This book develops an analysis of the historical, political and legal contexts behind current demands by NGOs and the United Nations Human Rights Council to hold corporations accountable for their human rights violations. Based on an analysis of the range of mechanisms of accountability that currently exist, it argues that that those demands are a response to the failure of neo-liberal policies that have dominated the practice of politics and law since the emergence of this debate in its current form in the 1970s.
Offering a new approach to understanding how struggles for hegemony are refracted through a range of legal challenges to corporate human rights violations, the book offers a fresh perspective for understanding how those struggles are played out in the global sphere. In order to analyse the prospects for using human rights law to challenge the right of corporations to author human rights violations, the book explores the development of a range of political initiatives in the UN, the uses of tort law in domestic courts, and the uses of human rights law at the European Court of Human Rights and at the Inter-American Court of Human Rights.
This book will be essential reading for all those interested in how international institutions and NGOs are both shaping and being shaped by global struggles against corporate power.
Table of Contents
Introduction: The Rarefied Politics of Global Legal Struggles
Introduction: Corporate Human Rights Violations
Human Rights and Corporate Accountability
A Mirror Image?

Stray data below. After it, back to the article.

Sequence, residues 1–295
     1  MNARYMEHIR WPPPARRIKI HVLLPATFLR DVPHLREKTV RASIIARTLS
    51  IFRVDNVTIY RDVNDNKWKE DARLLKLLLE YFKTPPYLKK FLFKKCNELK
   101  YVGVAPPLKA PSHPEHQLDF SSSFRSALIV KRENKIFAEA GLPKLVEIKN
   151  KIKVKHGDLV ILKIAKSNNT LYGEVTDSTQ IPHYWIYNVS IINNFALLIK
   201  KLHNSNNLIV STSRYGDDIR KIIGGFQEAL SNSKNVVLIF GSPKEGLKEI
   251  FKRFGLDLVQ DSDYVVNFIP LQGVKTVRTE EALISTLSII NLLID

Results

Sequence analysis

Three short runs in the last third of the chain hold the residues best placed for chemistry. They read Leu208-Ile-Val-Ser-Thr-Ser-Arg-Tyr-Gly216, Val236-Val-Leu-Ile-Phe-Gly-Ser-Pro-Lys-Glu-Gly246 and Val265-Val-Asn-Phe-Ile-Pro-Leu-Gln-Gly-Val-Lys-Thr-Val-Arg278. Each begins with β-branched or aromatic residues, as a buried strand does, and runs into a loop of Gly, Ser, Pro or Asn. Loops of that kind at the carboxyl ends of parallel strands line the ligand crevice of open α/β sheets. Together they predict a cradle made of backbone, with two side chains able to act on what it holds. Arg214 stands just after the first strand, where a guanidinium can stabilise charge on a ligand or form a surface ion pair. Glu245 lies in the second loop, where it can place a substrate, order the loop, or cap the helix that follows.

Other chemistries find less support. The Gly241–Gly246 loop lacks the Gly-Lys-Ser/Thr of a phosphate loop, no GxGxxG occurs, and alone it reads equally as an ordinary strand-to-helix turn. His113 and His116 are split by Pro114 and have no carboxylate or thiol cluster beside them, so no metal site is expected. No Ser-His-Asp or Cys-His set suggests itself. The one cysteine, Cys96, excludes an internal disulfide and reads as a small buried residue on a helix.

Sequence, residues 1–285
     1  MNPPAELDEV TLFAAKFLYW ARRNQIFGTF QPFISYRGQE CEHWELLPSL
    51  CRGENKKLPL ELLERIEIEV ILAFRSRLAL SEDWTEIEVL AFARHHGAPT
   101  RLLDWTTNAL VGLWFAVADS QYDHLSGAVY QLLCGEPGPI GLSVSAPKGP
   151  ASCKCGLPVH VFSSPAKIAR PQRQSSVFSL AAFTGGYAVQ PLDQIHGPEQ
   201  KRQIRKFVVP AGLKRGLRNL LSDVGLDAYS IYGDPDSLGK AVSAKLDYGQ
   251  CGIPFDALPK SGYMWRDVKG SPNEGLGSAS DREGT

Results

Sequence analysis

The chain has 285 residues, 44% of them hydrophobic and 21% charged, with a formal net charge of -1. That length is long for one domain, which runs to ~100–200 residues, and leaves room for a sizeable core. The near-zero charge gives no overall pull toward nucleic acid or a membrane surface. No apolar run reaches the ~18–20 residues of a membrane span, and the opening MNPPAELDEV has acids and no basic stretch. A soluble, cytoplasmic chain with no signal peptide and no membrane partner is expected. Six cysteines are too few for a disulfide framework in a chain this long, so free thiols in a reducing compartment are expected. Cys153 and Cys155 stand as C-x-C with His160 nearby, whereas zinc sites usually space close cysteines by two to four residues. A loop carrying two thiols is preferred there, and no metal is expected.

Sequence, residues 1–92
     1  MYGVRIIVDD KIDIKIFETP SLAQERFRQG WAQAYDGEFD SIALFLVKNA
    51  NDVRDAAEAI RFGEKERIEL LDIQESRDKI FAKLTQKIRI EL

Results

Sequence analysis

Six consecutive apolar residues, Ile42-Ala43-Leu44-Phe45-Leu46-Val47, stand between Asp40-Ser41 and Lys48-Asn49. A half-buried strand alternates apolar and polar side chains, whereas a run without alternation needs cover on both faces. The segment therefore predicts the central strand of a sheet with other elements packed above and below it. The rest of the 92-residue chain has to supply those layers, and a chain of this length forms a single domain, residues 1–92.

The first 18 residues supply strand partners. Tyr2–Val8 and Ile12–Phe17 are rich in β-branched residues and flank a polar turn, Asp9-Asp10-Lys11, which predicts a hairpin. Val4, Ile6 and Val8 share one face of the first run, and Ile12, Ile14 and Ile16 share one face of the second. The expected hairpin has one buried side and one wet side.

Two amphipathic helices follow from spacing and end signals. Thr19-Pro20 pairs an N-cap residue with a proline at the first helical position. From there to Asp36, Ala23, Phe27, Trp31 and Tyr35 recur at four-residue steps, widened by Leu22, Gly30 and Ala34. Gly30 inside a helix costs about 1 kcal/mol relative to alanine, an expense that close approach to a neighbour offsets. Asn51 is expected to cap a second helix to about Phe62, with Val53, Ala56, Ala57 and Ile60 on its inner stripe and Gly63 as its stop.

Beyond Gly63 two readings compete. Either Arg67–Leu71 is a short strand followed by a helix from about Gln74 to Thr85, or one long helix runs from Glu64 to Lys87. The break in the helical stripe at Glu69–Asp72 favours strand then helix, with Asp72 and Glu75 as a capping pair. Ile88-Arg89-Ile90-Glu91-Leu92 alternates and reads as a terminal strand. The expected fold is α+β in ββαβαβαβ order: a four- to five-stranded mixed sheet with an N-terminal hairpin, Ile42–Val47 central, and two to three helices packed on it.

The Rarefied Politics of Global Consent
Global Social Ordering
Counter-hegemony and Resistance?
The Structure of the Book
Chapter One: From Economic Cannibalism to Corporate Human Rights LIabilities
Corporations, Human Rights and the UN
Corporations as Bearers of Rights
Corporations as Political Institutions
The Draft Norms
Lobbying the Norms
The NGO Lobby
Conclusion: Untangling the Roots of UN Policy
Chapter Two: Different Shades of Voluntarism
The Global Compact: ‘Support Group’ or ‘Good Old Boys Club’?
An American in the Court of King Kofi
The "Continuation of a Business-Friendly Agenda"?
The Guiding Principles
A Fake Consensus
Chapter Three: A Manufactured Consent
Evaluating the Role of the OECD Guidelines
Complaints Taken by NGOs
Corporate Structural Advantage
Chapter Four: Tort Law and the Struggle Against Corporate Human Rights Violations
The Civil Justice System and Corporate Accountability
Alien Tort Claims Act 1789
The Business Lobby Celebrates
European Transnational Tort Cases
Transnational Jurisdiction and the Imperial Court
Conclusion: Nearly Absolute Non-Accountability
Chapter Five: Struggles for Corporate Accountability in the Human Rights Courts
Positive and Negative Obligations
Positive Obligations into the Private Sphere
The Horizontal Effect in the European System
The Horizontal Effect in the Inter-American System
NGOs and the Struggle for Recognition
Struggles for Collective Rights
Chapter Six: ‘Human’ Rights for Profit
The Corporate Victim
Corporate Rights in Europe
Corporate Rights at the Inter-American Court
Corporate Law Trumps Human Rights Law
Political Struggles for Corporate Rights
Conclusion: New Mechanisms of Accountability for Corporate Human Rights Violations?
Making Struggles Around Human Rights Visible
Moving Towards a Treaty?
A Peoples’ Tribunal?
Stéfanie Khoury is Research Associate the University of Liverpool, UK. Her research focuses on the lack of accountability of state and corporate violations of human rights.
David Whyte is Professor in Socio-legal Studies at the University of Liverpool, UK, where he specialises in teaching and researching the relationship between corporate power and law.